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Vapor ICE: Theorycrafting for the Engineering GLPer

 
Anonymous Coward
User ID: 18267374
United States
12/04/2012 04:09 PM
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Vapor ICE: Theorycrafting for the Engineering GLPer
Hola guys, I'm starting this thread in hopes of chatting with other alternative fuel engineers on this site about the long fabled 150MPG style ICEs we've been hearing about the last 50 years.

Now, before you try and explain that the entire concept is a grease monkey pipe dream, I've a few things to point out about the designs you've probably seen in youtube videos and various magazine articles over the years.

1. The majority of designs on the internet are incorrect, as most use the excess heat of the engine to vaporize the fuel beforehand and feed it into the intake manifold in place of a carb, or, on cheaper kits, directly into the carb. The excess heat of an engine generated during the process of vapor combustion is minimal, being between 50-100 degrees Fahrenheit with no cooling system, and probably lower depending on external temp if you still were to use a cooling system (continuing to use a cooling system would actually be a redundancy, you could cut the weight of the vehicle and further increase efficiency by dropping a radiator and fan completely). So, no heat, no vapor, debunked yes? Wrong.

Answer to problem one: DFI. Modern vehicles with fuel injection already use a pressurized gas line connecting to an injector that averages mist droplet sizes of between 120-140µm. You need no external heating source to induce proper vaporization if you changeover a DFI Block's injectors to misting at 10µm, which is considered to be the most efficient size for complete combustion of petrol based fuels.

2. The idea that heat is the primary force acting within the ICE is a complete and utter line of bullshit, spun up by Big Auto and Big Oil, and championed everywhere by so called "experts" who paid a lot of money to go to schools nationwide filled with instructors teaching from books influenced by the Transportation Cartel. Heat is a waste product generated via incomplete combustion, with mechanical force being generated by the rapid expansion/oxidation of the primary power source. This ones kinda like the chicken and the egg argument. Lets think about what combustion is. Rapid Oxidation. Burning. The type of combustion going on within an engine is very rapid, explosive combustion. The energy carried within each molecule does not change based on state of matter, due to the law of conservation of energy within a closed system, so no matter what, combustion will release the same amount of energy from either 350cc of 10µm gas particles or 350cc of 120µm, the difference is, a complete burn at 10µm will release much more energy in a purely kinetic form(the rapid expansion) than it will as heat, as opposed to larger droplet sizes, which have a much more even ratio. Build a small one cylinder engine and test it out if you don't believe me. A complete burn also leaves you with a dramatic reduction in emissions, meaning no need for catalytic converters or other emissions equipment, which means even more efficiency, and even more horsepower.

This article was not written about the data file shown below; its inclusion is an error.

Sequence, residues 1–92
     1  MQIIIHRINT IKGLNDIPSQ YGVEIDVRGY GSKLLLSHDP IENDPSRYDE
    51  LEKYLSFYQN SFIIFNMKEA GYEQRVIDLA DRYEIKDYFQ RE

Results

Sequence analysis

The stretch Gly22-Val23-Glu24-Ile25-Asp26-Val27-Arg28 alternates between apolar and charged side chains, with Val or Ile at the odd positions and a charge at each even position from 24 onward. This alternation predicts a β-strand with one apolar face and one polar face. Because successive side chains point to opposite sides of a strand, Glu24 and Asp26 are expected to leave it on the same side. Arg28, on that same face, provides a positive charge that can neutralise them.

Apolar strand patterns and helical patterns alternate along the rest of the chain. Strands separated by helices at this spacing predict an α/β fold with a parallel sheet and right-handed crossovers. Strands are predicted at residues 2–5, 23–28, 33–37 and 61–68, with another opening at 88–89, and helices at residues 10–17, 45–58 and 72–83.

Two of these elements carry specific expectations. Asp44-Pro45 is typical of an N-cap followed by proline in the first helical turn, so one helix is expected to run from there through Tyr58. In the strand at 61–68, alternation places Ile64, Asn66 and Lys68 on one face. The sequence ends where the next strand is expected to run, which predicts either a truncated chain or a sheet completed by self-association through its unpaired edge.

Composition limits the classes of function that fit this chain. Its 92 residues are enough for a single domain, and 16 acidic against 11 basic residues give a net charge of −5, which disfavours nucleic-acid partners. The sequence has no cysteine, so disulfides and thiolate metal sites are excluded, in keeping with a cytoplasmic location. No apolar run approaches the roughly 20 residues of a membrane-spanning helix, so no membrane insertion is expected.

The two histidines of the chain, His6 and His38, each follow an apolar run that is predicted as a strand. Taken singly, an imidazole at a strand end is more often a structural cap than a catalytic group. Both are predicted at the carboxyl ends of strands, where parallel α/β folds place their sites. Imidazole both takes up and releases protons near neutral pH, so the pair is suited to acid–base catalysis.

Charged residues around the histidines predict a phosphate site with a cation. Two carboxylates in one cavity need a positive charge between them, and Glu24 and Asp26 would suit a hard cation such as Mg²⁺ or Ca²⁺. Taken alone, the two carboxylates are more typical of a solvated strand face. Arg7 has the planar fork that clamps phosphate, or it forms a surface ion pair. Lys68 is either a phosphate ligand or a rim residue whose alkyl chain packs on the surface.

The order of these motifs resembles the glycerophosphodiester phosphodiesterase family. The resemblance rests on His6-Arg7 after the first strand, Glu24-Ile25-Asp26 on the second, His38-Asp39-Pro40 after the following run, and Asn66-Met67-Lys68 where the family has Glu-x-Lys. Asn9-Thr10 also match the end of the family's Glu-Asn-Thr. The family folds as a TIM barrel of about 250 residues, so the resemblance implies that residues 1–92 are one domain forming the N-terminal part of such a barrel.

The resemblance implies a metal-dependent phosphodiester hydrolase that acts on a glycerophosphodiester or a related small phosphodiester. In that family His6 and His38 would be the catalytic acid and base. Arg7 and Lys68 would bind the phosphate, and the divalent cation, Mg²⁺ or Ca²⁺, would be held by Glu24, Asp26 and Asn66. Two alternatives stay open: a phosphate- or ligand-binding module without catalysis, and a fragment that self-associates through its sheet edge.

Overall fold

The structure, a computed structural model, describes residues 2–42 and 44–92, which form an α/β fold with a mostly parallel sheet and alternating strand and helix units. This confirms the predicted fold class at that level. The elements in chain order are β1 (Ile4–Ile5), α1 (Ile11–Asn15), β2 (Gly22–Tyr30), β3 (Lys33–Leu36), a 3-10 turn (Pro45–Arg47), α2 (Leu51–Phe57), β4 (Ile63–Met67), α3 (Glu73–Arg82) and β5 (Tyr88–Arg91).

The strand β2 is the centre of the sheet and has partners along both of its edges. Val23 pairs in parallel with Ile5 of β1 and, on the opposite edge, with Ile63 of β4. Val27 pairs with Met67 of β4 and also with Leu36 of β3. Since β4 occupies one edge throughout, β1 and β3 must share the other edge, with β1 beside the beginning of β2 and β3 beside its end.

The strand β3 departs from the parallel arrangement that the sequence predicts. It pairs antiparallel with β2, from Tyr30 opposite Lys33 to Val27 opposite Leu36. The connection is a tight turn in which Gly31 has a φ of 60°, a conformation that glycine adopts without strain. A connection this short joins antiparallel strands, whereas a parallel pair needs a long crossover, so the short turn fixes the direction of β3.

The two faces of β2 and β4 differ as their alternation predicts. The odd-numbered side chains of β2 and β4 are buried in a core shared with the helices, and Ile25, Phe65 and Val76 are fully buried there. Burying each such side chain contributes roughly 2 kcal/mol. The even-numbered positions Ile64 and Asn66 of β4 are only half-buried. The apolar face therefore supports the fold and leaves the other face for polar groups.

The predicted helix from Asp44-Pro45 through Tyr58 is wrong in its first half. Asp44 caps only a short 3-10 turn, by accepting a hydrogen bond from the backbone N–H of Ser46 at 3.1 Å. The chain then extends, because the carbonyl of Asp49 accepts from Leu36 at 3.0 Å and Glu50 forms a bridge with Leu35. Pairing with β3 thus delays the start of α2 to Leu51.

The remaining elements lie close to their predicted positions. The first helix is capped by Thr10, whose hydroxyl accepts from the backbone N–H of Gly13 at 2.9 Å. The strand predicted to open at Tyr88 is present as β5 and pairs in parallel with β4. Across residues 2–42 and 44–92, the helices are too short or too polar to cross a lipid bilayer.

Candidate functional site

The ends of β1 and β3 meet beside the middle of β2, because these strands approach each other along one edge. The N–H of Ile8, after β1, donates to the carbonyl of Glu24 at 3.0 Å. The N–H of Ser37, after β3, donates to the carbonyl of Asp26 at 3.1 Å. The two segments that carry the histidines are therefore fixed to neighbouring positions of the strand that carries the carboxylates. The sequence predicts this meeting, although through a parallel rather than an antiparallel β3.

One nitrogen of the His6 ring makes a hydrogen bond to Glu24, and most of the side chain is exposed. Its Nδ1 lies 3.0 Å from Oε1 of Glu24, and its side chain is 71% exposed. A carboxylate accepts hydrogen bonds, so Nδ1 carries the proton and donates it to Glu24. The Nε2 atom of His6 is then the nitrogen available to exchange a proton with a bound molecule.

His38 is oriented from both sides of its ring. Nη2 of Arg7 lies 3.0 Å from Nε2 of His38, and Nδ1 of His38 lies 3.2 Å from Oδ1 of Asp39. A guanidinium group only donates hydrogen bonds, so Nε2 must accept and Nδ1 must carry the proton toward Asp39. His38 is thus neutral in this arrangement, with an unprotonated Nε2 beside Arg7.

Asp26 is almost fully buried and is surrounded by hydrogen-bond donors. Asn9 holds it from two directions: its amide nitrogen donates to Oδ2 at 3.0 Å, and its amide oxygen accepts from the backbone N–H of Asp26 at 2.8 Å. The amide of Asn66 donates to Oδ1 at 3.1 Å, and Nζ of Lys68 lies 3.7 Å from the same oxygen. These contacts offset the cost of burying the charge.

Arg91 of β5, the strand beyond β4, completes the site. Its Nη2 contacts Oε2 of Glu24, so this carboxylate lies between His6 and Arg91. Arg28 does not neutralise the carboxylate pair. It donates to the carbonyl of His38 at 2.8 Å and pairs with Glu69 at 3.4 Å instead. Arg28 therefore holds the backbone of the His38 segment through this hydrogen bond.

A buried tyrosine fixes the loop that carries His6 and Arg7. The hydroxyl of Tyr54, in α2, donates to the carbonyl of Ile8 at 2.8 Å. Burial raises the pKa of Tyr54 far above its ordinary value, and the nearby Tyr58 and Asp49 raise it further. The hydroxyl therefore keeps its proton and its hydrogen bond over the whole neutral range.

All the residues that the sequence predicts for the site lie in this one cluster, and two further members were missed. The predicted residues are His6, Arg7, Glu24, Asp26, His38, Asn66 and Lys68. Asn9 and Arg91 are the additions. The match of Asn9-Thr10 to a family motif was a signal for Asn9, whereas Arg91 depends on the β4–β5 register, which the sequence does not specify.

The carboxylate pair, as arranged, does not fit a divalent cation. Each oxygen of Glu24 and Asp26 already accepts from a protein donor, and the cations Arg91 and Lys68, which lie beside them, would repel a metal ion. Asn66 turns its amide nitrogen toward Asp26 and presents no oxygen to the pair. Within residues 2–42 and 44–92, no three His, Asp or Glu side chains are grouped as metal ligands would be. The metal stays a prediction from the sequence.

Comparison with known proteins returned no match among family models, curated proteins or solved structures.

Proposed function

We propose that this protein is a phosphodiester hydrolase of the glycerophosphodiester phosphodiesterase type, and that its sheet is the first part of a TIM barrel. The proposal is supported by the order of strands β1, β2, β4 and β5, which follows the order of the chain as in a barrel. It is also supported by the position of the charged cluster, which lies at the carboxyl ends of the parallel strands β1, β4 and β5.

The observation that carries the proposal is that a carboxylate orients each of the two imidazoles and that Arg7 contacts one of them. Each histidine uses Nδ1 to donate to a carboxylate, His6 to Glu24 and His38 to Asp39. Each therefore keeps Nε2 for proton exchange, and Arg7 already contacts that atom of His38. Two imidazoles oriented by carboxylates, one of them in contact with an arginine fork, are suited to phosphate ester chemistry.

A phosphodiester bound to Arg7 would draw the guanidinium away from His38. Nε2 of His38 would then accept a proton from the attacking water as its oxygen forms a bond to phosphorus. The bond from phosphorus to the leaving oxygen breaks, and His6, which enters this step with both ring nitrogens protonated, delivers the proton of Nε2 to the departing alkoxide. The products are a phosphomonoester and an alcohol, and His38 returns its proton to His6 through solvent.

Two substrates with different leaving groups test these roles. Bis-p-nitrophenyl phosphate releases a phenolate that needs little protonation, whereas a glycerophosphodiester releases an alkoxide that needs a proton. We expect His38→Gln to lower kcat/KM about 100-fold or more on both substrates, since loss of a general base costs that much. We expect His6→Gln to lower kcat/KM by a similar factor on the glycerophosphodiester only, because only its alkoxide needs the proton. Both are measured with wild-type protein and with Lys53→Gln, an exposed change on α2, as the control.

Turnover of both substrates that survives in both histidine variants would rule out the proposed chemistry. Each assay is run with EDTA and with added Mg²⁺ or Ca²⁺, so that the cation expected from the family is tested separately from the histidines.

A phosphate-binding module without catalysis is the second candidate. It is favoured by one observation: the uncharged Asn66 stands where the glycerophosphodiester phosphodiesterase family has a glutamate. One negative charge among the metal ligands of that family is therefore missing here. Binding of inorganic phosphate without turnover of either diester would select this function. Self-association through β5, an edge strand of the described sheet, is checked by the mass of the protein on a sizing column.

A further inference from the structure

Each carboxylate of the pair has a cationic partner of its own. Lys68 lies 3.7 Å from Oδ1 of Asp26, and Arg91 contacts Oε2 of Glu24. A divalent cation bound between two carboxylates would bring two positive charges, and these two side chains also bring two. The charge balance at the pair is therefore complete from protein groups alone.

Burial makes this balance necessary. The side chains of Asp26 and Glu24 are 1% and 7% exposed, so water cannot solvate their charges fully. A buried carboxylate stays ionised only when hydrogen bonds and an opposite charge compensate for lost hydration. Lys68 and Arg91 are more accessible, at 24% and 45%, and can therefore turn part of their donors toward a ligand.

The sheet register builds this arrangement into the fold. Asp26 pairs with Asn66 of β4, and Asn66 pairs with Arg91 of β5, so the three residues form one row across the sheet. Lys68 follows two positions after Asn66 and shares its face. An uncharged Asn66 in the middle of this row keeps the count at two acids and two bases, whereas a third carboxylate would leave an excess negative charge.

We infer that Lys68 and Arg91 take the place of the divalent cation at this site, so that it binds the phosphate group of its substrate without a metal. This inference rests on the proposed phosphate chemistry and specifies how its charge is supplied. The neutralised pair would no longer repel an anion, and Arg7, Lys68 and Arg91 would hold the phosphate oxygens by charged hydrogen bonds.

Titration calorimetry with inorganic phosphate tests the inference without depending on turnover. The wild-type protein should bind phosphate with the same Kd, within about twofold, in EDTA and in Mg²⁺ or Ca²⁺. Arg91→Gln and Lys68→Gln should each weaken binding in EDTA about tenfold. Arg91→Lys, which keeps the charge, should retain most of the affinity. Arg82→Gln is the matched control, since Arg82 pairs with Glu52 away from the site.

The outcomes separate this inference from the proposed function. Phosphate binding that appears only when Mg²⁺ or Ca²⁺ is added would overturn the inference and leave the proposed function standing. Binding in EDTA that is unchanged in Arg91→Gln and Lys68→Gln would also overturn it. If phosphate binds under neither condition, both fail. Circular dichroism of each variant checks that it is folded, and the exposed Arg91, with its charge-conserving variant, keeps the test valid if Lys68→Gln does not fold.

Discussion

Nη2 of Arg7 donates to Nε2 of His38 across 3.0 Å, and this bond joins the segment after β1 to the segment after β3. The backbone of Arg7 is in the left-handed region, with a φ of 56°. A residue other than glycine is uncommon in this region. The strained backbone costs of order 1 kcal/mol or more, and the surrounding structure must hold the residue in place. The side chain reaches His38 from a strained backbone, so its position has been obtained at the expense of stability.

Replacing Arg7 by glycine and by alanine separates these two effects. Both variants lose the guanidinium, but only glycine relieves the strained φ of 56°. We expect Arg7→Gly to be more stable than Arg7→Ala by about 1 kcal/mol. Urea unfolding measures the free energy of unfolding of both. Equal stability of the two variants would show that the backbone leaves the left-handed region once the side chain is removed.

3. It's not a garage kit project. The construction of a changeover unit for modern vehicles sounds easy in principle, and was said to just be a certain carb you could pop on your intake back in the 70s, but it really isn't. There are still unanswered questions about what type of pressures to expect from the mechanical force generated via vapor combustion, the pressure ratios needed to keep power and efficiency up, and whether or not a spark plug would even be needed for such an engine, as pressure alone on fuel vapor could be enough to ignite the burn (this is very important for the changeover, if a sparkplug is not needed you can cut out plug wires, plugs obviously, and distributors, basically using a diesel engine as a starting block for the change instead, this might be a wise idea actually as the increase in pressures from combustion would be easier to manage in a cast iron diesel block rather than in the half aluminum unleaded blocks of today. It would also be possible to pipe gas "fog" that's generated using an ultrasonic fogging unit into a carb and skip DFI, however, that leaves you with a vehicle much more prone to explosion during any type of accident involving impact with the region of the car housing the vapor chamber and vapor lines.

I'm open to all criticism and all thoughts, as anywhere I can be proven incorrect is an area for improvement, but the principle of the idea works damn well in my opinion, and I have seen one of these units in action before, my Dad has an old 74 fire-bird with a vapor carb kit, but it only works as advertised if enabled after preheating the engine with normal combustion, and then it only works until the heat dissipates, at which point it kills itself off due to the lack of a heat source to generate said vapor from liquid gasoline.

So, thoughts?